The release of Sniper: Ghost Warrior 2 has us thinking about videogame combat mechanics. Specifically, the idea of the one-shot kill. When one bullet means the difference between success and failure, how can the potential for an instakill affect the way we play – and indeed, is it actually a good thing?
In most shooters, the easiest way to get an instant kill is to go for a headshot. Depending on how tactical a game it is, you may have to use a high-powered weapon, such as a sniper rifle, while in others a simple pistol will suffice. Sometimes it can be mitigated by a helmet, or the type of ammo used – but what usually matters isn’t the equipment you choose, but the skill and accuracy you display in hitting a relatively small area on your opponent. This is why games like Modern Warfare 2 give gamers the “One Shot, One Kill” bonus. To encourage you to get better.
It’s also common for melee weapons of some kind to offer the opportunity for an instant kill. In this case, it’s not because the target is hard to hit, but because getting close enough to use non-ranged weapons requires extra stealth and cunning. It’s as much a punishment for your enemy’s relaxed attitude to their own safety as it is a reward for your skill. Whether you’re thinking of the impact hammer in Unreal Tournament or the combat knife in Modern Warfare and others like it, the instant-kill melee weapon has been a staple of shooters for years now.
The idea behind most forms of instant-kill appears to be linked, superficially, to realism. In a world where people are concerned (rightly or wrongly) with the portrayal and use of guns and other weapons in videogames, there’s an argument that increased realism can only be a good thing. A bullet in the head should kill your opponent, just as several rounds to the chest should.
The problem with that line of thinking, of course, is that it’s ultimately as much a conceit as in-game “health” that allows you to shrug off multiple gunshots by finding a small medikit. Pursue the realism argument to its logical conclusion, and you end up having to acknowledge that not every headshot kills, or that under the right circumstances a bullet in the neck or shoulder can be just as deadly as one in the temple. What about angles of entry, and internal skeletal structure?
Far from representing realism, instant kills are about rewarding the player’s aim and abilities more than accurately modelling the use of a weapon.
Of course, sometimes instant kills are just fun. Many a deathmatch shooter has added an optional instant-kill mode to give games a frantic, out-of-control hilarity, but these modes tend to work precisely because the game isn’t balanced for them. When you’re playing an instakill deathmatch, the fun you get is less about skill than blind luck – what you’re actually enjoying is how level the playing field is, and how ridiculously difficult it becomes to survive for more than a matter of seconds.
So on the surface, it seems like one-hit, one-kill mechanics do potentially enhance a game – not by making it more realistic, but by giving the player a goal to aim for when trying to improve their tactics and capabilities.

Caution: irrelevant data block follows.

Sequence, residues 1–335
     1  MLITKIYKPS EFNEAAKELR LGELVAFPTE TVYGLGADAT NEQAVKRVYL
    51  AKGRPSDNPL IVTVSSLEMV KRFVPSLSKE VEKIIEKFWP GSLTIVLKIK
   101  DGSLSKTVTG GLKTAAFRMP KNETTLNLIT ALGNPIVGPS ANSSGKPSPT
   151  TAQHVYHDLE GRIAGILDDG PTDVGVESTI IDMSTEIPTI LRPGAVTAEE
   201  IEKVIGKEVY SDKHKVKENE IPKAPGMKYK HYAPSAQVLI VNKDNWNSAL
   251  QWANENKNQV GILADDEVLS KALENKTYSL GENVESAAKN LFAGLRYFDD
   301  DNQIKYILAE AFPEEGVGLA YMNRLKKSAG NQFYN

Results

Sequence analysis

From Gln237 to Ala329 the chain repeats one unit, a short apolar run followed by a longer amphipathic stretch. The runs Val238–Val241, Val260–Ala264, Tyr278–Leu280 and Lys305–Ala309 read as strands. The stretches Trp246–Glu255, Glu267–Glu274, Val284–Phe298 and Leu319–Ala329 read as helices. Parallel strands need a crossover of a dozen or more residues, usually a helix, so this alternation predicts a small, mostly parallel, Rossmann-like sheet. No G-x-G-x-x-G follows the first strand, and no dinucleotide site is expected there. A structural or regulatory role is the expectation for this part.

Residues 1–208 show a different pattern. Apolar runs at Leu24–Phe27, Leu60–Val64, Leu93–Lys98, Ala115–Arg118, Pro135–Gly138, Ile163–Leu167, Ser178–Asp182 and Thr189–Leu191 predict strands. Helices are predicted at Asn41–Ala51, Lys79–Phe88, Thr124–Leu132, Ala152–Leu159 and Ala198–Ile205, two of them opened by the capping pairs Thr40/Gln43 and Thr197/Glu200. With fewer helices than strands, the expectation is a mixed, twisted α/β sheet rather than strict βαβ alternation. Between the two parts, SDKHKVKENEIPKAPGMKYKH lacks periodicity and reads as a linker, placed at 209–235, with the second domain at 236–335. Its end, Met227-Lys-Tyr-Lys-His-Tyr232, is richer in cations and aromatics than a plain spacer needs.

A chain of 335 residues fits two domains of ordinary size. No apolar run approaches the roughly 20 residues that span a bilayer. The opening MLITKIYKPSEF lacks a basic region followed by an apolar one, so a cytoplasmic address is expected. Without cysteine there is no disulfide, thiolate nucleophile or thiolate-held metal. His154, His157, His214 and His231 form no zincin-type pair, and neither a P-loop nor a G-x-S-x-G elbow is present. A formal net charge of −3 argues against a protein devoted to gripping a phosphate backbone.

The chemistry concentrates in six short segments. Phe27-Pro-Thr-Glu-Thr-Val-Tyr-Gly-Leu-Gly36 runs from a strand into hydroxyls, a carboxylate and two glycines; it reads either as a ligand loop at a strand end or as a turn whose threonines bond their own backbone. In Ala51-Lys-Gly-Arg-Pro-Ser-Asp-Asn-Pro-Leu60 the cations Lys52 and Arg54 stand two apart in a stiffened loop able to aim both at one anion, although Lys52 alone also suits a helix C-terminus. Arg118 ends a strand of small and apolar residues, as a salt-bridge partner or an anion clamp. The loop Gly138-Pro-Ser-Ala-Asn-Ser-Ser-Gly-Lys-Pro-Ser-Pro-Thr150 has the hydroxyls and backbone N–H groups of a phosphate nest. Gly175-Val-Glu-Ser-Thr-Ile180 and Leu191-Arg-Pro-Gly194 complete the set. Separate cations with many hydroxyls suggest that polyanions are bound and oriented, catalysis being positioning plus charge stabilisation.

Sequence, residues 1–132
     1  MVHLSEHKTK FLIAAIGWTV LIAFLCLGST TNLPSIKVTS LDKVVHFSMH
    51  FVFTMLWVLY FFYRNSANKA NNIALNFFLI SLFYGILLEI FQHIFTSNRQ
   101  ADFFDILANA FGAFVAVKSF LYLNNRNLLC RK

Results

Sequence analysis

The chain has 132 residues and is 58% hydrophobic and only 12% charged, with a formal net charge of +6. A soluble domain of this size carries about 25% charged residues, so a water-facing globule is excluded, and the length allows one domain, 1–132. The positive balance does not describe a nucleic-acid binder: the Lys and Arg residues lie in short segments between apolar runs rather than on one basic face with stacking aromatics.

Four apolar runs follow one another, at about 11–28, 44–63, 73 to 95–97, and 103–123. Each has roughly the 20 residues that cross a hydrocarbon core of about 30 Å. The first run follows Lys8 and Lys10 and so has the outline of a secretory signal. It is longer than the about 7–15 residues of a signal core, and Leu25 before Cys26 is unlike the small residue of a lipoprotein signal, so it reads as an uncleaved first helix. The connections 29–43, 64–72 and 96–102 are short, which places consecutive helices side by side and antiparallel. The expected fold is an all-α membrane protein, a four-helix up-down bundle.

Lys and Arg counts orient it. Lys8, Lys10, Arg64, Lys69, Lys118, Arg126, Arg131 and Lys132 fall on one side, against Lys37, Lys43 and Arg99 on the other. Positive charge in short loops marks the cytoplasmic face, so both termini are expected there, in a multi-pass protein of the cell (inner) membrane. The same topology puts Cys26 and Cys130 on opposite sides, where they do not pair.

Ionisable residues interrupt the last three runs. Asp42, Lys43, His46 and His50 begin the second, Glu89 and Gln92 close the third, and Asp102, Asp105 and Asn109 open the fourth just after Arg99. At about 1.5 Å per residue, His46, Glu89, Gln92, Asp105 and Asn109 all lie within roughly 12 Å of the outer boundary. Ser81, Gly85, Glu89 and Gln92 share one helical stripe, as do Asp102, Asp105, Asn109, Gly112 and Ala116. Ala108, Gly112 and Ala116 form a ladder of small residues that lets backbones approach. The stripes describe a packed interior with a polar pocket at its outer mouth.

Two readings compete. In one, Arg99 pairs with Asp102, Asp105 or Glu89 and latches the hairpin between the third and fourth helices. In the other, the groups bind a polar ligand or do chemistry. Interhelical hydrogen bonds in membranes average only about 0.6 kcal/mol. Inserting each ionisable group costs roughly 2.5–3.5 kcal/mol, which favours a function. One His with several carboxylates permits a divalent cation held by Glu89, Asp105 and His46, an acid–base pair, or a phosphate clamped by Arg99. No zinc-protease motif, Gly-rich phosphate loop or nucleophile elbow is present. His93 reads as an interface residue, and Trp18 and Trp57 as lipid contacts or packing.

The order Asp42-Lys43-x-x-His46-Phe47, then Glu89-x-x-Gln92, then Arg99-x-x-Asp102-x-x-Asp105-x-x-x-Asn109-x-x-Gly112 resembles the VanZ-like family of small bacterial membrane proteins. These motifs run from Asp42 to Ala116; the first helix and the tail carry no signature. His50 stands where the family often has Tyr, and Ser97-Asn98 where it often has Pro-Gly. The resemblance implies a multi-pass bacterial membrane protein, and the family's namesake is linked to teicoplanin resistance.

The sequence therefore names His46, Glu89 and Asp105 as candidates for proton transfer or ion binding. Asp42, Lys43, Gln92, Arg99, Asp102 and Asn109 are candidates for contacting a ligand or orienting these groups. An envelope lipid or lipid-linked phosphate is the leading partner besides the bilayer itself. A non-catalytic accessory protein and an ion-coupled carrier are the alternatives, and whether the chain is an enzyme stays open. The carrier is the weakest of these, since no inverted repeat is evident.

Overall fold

But many of those arguments for the instakill mechanic can quickly collapse when it comes to multiplayer gaming.
Online lag has been the bane of Internet gaming since the first modem-owning enthusiasts dialled up their friend and argued about who would be the host in a game of Linewars. Things are better now, but the nature of online gaming means they’ll never be perfect. Someone always has the technological edge.
It might only be five milliseconds, or 10 milliseconds, or whatever – but you only need a couple to click a mouse button or press a key. When you’re playing with instant kills, any amount of lag can mean you’re dead before you even see the opponent. The fact is, videogames are supposed to be fun. And being killed because you live slightly further away from a telecommunications hub than your opponent is no one’s idea of fun.
But then, there’s a reason the one-hit, one-kill mechanic hasn’t died out, and that’s this: it’s only unfair when you’re on the receiving end of it.
To an extent, the same is true of instakill melee weapons (few things make less sense than a knife in leg resulting in instant death during a game of Modern Warfare). You could almost think that the reason developers introduce and continue to use such deliberately unbalanced elements is because they’re doing it on purpose – they know that a game being annoying is, in many ways, better than being dull. If you’re screaming at your opponent’s improbable success, at least you’re not thinking about something other than the game. And when the same mechanics go in your favour, you don’t feel like you’ve cheated: you feel like justice has been served.
So maybe that’s the true appeal of the one-shot kill. A collective agreement that the fun you get from making one is worth the embarrassment you suffer when you’re the target of one. That skill and accuracy are secondary to the inherent enjoyment of taking out your opponent with all the deadly precision of a master marksman.
And, let’s face it – at least being a wannabe sniper feels like a more honest way of playing soldier than being a 400-pound chunk of meat who can survive multiple gunshots to the face…
Sniper: Ghost Warrior 2 is out on Xbox 360, Playstation 3 and PC on the 15th March.
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